From 2004 to 2014, those rated "A+" and "A" had multiples of 4.8 and 3.6, respectively, while C-rated films' total revenue was 2.5 times their opening weekend.[12] Ed Mintz cited Leonardo DiCaprio and Tom Cruise as the "two stars, it doesn't matter how bad the film is, they can pull (the projections) up".[1] (DiCaprio's Shutter Island had a 3.1 revenue multiple despite a "C+" grade, and Cruise's Vanilla Sky had a 4 multiple with a "D" grade.)[12]

As of 2020, 22 films have received an "F" grade.[17][3][18][19][20] Vulture wrote that besides horror,[14]

Another type of movie features prominently on the list: let's call it "Misleading Auteurism". These are movies made by prominent, often Oscar-nominated directors that investigate risky and controversial subject matters and receive both praise and pans. But because of how the movie industry works — the name of a director alone not being enough to get most people to go see something — they tend to be marketed as more straight-ahead genre films, resulting in a whole bunch of misled and pissed-off audience members.

Vulture cited as examples of such F-graded films Steven Soderbergh's Solaris with George Clooney, Andrew Dominik's Killing Them Softly with Brad Pitt, and Darren Aronofsky's mother! with Jennifer Lawrence.[14]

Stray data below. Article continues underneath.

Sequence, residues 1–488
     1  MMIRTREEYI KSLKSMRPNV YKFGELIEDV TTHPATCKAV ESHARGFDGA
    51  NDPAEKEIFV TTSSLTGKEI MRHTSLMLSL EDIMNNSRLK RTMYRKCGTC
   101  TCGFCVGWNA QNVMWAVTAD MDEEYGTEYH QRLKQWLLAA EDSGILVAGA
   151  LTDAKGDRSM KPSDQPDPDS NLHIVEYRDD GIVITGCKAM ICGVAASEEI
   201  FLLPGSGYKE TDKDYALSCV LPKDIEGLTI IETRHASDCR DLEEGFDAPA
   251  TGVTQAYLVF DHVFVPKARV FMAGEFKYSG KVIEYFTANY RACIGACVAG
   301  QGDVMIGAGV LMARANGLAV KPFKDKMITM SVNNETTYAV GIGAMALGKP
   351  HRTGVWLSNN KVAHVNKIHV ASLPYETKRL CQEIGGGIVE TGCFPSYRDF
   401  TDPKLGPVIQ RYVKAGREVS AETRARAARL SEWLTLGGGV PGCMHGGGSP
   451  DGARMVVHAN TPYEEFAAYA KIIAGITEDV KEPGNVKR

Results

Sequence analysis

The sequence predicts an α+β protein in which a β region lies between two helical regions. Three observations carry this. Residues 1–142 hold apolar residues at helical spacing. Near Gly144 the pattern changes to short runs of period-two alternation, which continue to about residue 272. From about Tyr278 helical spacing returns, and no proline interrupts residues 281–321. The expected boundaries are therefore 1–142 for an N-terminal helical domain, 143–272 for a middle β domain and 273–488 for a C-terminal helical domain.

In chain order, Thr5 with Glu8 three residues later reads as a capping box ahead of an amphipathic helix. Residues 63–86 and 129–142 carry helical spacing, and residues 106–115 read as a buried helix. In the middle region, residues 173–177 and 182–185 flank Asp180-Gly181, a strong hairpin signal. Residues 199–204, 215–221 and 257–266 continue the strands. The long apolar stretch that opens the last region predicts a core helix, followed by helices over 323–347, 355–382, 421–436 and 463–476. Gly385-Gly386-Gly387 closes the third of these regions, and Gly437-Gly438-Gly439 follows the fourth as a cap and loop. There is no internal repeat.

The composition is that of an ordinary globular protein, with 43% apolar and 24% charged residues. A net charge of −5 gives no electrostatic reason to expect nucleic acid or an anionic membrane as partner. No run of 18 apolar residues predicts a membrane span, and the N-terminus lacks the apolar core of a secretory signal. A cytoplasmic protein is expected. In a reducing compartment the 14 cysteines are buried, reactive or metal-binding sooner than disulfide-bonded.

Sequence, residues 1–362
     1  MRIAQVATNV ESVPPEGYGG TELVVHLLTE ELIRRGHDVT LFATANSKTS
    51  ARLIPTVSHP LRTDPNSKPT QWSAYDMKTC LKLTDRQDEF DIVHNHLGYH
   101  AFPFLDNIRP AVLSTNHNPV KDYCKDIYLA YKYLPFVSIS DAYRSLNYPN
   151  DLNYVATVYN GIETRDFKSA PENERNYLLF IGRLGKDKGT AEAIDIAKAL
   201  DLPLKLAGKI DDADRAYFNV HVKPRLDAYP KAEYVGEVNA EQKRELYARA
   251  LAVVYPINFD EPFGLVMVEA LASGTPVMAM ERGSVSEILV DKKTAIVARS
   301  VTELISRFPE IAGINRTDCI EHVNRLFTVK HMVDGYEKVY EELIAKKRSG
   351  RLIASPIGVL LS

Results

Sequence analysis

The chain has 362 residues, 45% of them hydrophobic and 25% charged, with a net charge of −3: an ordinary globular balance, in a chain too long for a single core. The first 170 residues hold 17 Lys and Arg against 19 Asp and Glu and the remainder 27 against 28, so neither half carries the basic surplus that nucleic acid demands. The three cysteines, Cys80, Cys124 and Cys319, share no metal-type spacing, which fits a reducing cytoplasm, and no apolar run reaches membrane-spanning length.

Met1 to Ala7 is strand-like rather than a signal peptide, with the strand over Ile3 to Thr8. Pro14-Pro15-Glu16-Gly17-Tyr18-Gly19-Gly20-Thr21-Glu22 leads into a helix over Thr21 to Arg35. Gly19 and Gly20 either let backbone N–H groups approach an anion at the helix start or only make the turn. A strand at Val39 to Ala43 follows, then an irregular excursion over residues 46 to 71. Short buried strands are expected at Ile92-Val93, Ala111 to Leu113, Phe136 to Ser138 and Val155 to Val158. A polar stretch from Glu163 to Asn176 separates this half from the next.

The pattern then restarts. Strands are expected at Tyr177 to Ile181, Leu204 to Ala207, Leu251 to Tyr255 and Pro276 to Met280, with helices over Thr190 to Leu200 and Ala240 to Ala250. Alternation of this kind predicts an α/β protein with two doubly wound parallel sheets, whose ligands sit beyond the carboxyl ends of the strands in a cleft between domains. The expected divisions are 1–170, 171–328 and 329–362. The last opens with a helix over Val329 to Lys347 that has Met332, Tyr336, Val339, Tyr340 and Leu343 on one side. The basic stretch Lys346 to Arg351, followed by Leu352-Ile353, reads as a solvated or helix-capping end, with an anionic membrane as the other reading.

In an essay for The Hollywood Reporter, Martin Scorsese strongly criticized this type of approach by writing: "The brutal judgmentalism that has made opening-weekend grosses into a bloodthirsty spectator sport seems to have encouraged an even more brutal approach to film reviewing. I'm talking about market research firms like CinemaScore [...]. They have everything to do with the movie business and absolutely nothing to do with either the creation or the intelligent viewing of film. The filmmaker is reduced to a content manufacturer and the viewer to an unadventurous consumer."[21] Mintz rejected being lumped in with Rotten Tomatoes, and defended their methodology of polling select audiences on the opening night, to see if the film meets the expectations of the people who most want to see it, and further defended the accuracy of their data and the correlation to box office results.[22]

CinemaScore's forecasts for box-office receipts based on the surveys are, according to the Los Angeles Times, "surprisingly accurate" as "most of [the company's] picks...are in the ballpark", in 2009 correctly predicting the success of The Hangover and the failure of Land of the Lost.[11] Hollywood executives are divided on CinemaScore's accuracy. One told Deadline Hollywood "It's not always right, but it's a pretty good indicator. I rely on it", while another said that competitor PostTrak was "much better...more thorough and in-depth".[12][23]

List of "A+" films

No. Title Director Year
1 E.T. the Extra-Terrestrial[10][16] Steven Spielberg 1982
2 Gandhi[10][16] Richard Attenborough
3 Rocky III[10][16] Sylvester Stallone
4 Star Trek IV: The Voyage Home[10][16] Leonard Nimoy 1986
5 The Princess Bride[10] Rob Reiner 1987
6 Die Hard[10] John McTiernan 1988
7 Dead Poets Society[10] Peter Weir 1989